• The SpecFIT is national equipment, almost 50% cheaper than similar imported ones. It is used on a large scale by the palm oil extraction industries located in Pará and is already present in 23 markets in South America, Central America, Europe and Southeast Asia. Performs analysis of foods (processed or fresh) such as fruits, beef, olive oil, wine, quickly and non-destructively, using Nuclear Magnetic Resonance. The SpecFIT HR100 is robust, portable, easy to calibrate, requires minimal maintenance and does not require specialized labor.
  • The carnauba wax Nanoemulsion is intended for the fruit and vegetable market and is made available via licensing agreement. It is being sold in Brazil and in countries in Latin America, Europe and Asia. The emulsion with nanometric particles (invisible to the human eye) based on carnauba wax, for coating table fruits (papaya, orange, mango, tangerine, among others), can extend the life of the fruits by 10 to 15 days compared to to the conventional method, it helps maintain quality and reduce post-harvest losses of these products. Complies with the determinations of the National Health Surveillance Agency (Anvisa).
  • AGLIBS, a pioneer in Brazil, marks the beginning of a radical innovation in soil analysis. It is available on the market via licensing and has already been adopted in 17 Brazilian states. It allows analyzing 1.200 soil samples per day and generating maps of carbon, fertility, pH and soil texture in precision agriculture management, with lower cost and time compared to chemical analyzes and without generating waste. It is currently included in an artificial intelligence platform for agronomic recommendations on soil fertility and sustainable carbon management for rural producers. The system uses LIBS (a type of laser), the same technique that NASA used in robots to assess the soil on Mars, and which received international certification in 2022.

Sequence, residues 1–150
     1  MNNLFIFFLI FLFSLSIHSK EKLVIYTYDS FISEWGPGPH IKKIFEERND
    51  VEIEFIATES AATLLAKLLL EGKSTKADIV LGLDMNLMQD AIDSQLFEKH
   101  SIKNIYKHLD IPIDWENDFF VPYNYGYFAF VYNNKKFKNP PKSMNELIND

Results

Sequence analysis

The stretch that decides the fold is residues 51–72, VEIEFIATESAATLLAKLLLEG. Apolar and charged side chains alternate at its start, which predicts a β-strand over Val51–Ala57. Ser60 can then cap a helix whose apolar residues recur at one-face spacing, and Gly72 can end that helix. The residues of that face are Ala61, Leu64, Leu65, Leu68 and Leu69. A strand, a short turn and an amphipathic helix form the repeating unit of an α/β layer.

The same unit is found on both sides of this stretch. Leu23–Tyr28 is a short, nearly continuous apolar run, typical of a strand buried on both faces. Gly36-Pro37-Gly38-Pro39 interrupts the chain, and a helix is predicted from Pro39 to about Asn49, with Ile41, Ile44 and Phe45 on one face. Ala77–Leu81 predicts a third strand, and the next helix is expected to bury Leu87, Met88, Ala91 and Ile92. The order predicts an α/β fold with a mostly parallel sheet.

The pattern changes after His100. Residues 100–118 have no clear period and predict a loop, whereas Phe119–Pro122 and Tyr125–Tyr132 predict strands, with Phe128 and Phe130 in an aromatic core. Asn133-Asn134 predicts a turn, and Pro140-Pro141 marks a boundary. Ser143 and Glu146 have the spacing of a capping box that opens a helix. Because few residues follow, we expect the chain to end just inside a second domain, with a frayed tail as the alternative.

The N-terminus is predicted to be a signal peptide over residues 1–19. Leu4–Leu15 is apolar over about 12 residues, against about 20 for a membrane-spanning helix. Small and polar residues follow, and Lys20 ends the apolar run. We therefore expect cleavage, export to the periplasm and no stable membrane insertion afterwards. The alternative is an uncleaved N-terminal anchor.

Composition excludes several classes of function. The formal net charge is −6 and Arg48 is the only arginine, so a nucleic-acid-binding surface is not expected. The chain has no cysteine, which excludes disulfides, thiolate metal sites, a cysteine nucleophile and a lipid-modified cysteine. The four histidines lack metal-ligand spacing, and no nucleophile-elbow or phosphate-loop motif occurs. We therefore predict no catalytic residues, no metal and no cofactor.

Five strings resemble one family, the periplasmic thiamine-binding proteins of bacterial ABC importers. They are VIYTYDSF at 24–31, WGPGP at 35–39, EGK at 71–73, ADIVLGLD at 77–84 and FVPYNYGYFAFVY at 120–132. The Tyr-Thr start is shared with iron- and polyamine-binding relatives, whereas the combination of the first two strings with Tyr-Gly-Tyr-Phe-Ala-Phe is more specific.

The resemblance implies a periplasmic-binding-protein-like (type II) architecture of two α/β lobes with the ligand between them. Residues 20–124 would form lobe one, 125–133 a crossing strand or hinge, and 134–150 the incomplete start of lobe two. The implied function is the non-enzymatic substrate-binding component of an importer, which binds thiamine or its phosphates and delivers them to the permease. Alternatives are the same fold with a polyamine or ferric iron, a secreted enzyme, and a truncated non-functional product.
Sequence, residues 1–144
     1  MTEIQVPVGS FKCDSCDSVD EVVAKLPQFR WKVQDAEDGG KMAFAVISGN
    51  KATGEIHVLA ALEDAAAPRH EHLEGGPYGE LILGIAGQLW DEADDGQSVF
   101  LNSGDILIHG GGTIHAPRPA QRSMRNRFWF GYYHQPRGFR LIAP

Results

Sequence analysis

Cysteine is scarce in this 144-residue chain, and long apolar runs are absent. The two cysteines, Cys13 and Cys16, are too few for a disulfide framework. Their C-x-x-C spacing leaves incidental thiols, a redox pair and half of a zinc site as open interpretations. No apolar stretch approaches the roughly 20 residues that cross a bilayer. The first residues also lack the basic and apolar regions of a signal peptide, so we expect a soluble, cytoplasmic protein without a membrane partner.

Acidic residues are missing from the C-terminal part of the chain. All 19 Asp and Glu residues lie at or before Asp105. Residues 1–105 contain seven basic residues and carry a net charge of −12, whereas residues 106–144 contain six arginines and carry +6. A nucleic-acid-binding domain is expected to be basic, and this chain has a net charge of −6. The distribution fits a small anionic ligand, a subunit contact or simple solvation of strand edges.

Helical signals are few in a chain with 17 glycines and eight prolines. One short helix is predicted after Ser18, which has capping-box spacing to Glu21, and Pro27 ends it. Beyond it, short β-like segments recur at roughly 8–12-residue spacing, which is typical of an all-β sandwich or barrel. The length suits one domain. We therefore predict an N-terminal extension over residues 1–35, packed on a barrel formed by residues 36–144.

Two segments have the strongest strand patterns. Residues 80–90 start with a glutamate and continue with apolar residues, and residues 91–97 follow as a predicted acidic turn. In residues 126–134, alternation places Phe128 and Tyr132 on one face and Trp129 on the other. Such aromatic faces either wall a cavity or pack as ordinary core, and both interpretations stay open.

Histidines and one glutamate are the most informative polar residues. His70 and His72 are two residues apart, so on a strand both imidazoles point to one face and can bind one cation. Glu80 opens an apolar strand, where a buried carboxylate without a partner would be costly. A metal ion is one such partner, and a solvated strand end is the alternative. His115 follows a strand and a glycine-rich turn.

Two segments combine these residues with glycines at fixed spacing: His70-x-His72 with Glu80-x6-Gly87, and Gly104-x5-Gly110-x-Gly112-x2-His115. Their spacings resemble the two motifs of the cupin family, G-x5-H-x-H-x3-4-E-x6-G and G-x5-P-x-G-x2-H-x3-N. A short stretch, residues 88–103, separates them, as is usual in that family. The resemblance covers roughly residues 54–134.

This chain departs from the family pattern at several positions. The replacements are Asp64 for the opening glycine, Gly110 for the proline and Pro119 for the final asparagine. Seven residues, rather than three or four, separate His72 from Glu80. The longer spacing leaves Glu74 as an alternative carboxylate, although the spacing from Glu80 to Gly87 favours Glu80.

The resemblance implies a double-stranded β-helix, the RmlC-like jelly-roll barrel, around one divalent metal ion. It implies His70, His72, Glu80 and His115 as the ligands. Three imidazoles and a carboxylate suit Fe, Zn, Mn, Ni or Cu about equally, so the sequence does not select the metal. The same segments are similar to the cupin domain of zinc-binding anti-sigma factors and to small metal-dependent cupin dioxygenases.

Challenges in different sectors

Other examples that mark the trajectory of Embrapa Instrumentação, whose impact is priced, are linked to institutional partners in different parts of Brazil. Are they:

  • The Alternative method for harvesting coffee in mountainous regions was developed based on demand made by Cooxupé (Cooperativa Regional de Cafeicultores em Guaxupé Ltda). It benefited around 113 harvesters in the 2022 harvest and generated an impact of R$2 billion on the harvest using backpack harvesting equipment.
  • The Soil Diagnosis for controlling pathogens in cotton in Mato Grosso was developed in partnership with the Instituto Matogrossense do Algodão (IMAmt). The recommendations generated by the research and used by cotton farmers increased productivity by around 10%; for each adopter, it is estimated that there was an economic gain of around R$984,00 per hectare of cotton cultivated in 2022.

Furthermore, the Research Center team has been working in recent years with technologies for different production chains. Check out examples below, by sector:

  • Aquaculture - Multiparameter probe for assessing water quality;
  • Fruits and Vegetables - Traceability and monitoring system for the degree of fruit ripeness; Nanocomposite hydrogel (tomato and pepper);
  • Milk – ProbeMilk;
  • Coffee - CoffeeClass - Intelligent system for measuring the overall quality of roasted and ground coffee;
  • Grape - Precision viticulture for the production of winter wines in the Southeast Region;
  • Soy – Classification of the quality of soybeans for international trade;
  • Citrus – Diagnosis of Greening (HLB) in citrus plantations.